Croatian Journal of Philosophy 20 (6):435-451 (2020)

Rene Jagnow
University of Georgia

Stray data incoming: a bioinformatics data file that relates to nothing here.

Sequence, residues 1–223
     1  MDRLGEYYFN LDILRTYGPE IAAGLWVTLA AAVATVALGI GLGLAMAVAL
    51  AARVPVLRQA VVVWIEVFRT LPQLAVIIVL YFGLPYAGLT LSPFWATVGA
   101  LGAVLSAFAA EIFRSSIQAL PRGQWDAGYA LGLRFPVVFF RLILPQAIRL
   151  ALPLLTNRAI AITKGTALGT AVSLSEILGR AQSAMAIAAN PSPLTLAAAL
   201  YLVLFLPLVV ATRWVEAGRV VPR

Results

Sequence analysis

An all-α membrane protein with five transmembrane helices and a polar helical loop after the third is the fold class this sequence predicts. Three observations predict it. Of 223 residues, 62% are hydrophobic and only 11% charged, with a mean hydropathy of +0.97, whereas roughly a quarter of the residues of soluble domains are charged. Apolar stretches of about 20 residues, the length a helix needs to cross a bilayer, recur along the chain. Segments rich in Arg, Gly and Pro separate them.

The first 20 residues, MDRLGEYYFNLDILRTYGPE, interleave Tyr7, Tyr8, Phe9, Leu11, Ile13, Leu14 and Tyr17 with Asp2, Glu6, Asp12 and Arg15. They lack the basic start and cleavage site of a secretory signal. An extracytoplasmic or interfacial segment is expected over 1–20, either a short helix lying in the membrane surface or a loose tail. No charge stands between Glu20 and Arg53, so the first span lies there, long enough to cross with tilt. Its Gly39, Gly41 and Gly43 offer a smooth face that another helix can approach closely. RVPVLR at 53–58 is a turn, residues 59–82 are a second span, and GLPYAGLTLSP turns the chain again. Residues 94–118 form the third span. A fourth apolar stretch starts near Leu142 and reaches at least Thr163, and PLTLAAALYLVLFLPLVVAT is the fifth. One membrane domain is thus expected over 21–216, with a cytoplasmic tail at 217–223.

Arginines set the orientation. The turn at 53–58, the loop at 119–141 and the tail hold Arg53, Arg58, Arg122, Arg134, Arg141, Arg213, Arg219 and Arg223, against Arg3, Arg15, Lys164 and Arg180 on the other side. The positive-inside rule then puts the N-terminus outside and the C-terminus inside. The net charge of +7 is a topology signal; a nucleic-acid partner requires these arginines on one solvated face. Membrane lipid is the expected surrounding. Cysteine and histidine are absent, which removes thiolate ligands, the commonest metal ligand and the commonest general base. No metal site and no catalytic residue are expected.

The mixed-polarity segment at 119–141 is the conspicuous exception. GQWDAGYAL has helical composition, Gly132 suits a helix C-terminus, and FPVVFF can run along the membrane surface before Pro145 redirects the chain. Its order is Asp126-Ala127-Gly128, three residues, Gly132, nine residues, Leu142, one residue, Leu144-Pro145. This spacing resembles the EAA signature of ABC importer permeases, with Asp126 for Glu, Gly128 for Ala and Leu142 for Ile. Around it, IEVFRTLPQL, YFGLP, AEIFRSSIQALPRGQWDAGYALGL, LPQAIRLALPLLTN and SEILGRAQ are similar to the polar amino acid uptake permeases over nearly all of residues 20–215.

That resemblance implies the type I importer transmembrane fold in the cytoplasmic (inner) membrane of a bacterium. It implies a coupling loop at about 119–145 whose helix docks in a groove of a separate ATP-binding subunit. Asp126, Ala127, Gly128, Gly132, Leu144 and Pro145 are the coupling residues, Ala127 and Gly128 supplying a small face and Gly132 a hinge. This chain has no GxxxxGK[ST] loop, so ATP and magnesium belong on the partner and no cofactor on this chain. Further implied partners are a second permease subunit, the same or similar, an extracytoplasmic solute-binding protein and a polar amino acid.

In his paper “Double Vision, Phosphenes and Afterimages: Non-Endorsed Representations rather than Non-Representational Qualia,” Işık Sarıhan addresses the debate between strong representationalists and qualia theorists. He argues that qualia theorists like Ned Block and Amy Kind who cite double-vision, afterimages, etc., as evidence for the existence of qualia are mistaken about the actual nature of these states. According to Sarıhan, these authors confuse the fact that these states are non-endorsed representational states with the fact that they are at least partly non-representational. I argue that Sarıhan’s argument contains gaps that suggest that he misidentifi es the mistake that leads these qualia theorists to their conclusion. In my view, these qualia theorists do not confuse the fact that the states in question are non-endorsed states with the fact that they are non-representational, but rather mistake certain representational contents, or certain aspects of these contents, for qualia.
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